“UFC 158 did not go my way :) I dropped my guard for a split second. My fault. It’s funny how I am so diligent with my students in keeping a good guard. I constantly remind them in class. Hopefully, this fight is an example why that is so important! ;) Anyways, the support has been overwhelming. I can’t thank everyone enough for sending me many positive messages. I’ll openly admit that I am heartbroken and this one is going to hurt for a bit. That said, I will move forward. Not ready to leave the sport just yet I think :)”
Carvalho, who has been fighting for over a decade but only finally made it to the UFC in January 2012, has had a couple ups and a couple downs in his four fights in the Octagon. He dropped his UFC debut in Brazil, but followed that with a spectacular knockout of Daniel Pineda at UFC 149 in Calgary last July.
He then made it two straight with a split-decision victory of Rodrigo Damm at the last event in Montreal, UFC 154 in Montreal in November. But he didn’t feel like he overly impressed in that win, so he was really coming into Saturday’s fight almost as if he had lost and feeling like he wanted to redeem himself and put on a better performance back at the same venue.
If anything, Carvalho (15-6) is more disappointed that he wasn’t able to do that to the fullest.
“Funny thing is, I felt my last performance was kind of lacklustre, so I really wanted to come down here and make it exciting,” Carvalho said. “I guess it was kind of exciting because there was some sort of finish, but we had some good exchanges and scrambles on the feet.”
Now the 33-year-old, who knows he isn’t one of the youngest on the UFC’s roster, hopes that the organization will give him another chance.
“I knew it was going to be a tough fight. I felt I was doing well. I felt my strategy was working, my takedown defence was good, and my team was great. I got caught. What can I do? One split second and that was it.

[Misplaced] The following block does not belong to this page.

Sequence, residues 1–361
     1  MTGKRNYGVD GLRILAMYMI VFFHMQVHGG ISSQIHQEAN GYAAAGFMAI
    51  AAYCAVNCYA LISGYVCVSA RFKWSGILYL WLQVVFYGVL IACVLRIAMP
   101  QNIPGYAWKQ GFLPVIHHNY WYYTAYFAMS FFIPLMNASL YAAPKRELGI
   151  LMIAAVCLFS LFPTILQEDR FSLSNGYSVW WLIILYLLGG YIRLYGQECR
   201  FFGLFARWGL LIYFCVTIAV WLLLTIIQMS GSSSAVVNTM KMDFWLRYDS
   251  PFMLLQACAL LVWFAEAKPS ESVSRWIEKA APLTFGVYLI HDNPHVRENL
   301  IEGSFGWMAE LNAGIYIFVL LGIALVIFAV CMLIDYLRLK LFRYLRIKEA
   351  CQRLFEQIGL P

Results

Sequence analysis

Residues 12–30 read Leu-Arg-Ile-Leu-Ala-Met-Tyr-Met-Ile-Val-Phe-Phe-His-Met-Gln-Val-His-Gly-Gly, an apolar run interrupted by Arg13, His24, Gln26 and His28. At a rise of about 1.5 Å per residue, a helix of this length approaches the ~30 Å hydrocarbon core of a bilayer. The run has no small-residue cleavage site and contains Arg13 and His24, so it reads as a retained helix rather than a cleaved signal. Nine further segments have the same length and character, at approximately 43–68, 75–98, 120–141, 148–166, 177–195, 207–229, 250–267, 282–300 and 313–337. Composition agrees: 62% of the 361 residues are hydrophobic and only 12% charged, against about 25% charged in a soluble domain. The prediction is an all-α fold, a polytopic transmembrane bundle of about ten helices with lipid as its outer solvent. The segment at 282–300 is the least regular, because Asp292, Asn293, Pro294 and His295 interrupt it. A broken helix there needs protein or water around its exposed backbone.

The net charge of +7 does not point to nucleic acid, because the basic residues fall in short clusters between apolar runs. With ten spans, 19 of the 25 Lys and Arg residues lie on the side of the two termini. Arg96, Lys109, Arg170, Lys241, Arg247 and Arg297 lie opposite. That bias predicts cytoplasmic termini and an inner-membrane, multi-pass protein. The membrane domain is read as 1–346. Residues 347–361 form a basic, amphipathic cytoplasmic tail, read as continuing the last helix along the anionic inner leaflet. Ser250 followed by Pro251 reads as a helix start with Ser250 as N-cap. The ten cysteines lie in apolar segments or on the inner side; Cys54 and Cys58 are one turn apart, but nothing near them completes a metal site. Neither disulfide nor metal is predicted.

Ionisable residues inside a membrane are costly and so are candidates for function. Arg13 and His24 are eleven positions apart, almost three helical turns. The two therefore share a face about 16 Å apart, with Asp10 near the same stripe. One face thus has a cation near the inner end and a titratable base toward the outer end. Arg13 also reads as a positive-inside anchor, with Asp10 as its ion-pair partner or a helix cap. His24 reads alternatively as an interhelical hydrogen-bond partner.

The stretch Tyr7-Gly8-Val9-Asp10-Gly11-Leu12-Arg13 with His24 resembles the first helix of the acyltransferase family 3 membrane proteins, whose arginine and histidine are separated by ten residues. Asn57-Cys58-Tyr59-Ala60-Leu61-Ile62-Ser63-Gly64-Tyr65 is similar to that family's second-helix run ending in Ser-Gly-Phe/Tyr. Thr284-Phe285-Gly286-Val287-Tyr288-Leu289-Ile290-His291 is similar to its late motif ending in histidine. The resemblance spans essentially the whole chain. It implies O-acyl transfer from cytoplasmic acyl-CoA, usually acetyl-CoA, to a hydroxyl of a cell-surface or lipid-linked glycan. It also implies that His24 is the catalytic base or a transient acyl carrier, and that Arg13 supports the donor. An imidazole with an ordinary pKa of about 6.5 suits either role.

“Hopefully (the UFC) still wants me around and feels I’m an exciting fighter.”
Carvalho said that UFC president Dana White spoke to him after his fight, and if his past results are taken into account, the UFC should give him another fight, especially considering the controversial nature of the stoppage, not to mention the fact that “Pato” does very often put on exciting fights.
On top of that, he’s just one of the good guys.
NOTES: One of Carvalho’s other claims to fame is his patented beard. But he was even humble about that during fight week, saying his was only the second best of those on the UFC 158 fight card …
Lavigne is still highly regarded by the Quebec Athletic Commission, who gave him the honour of working the main event between Georges St-Pierre and Nick Diaz. While he often gets the headlining duties and the Montreal shows, Lavigne, who said he was only notified a couple hours before the start of the show, admitted to me he was surprised the commission didn’t give the assignment to Marc Goddard in this particular case, considering Goddard is from the U.K. — that is, neutral territory for the bout between the hometown favourite St-Pierre and the American Diaz, between whom there had been plenty of bad blood.
Thankfully, there were no officiating issues in that bout, as St-Pierre won a clear-cut decision, easily taking all five rounds …
Elkins has apparently earned a big opportunity with his win Saturday over Carvalho. According to MMAjunkie.com, Elkins, who is the first fighter to win five fights in the UFC featherweight division, will replace an injured Clay Guida and take on former No. 1 contender Chad Mendes at UFC on FOX 7 in San Jose on April 20. An unbeaten 5-0 since dropping to 145 pounds, Elkins will fight in back-to-back months for the first time in his UFC career. The matchup will likely appear in the last slot of the preliminary card and could put the winner in the mix for a title shot.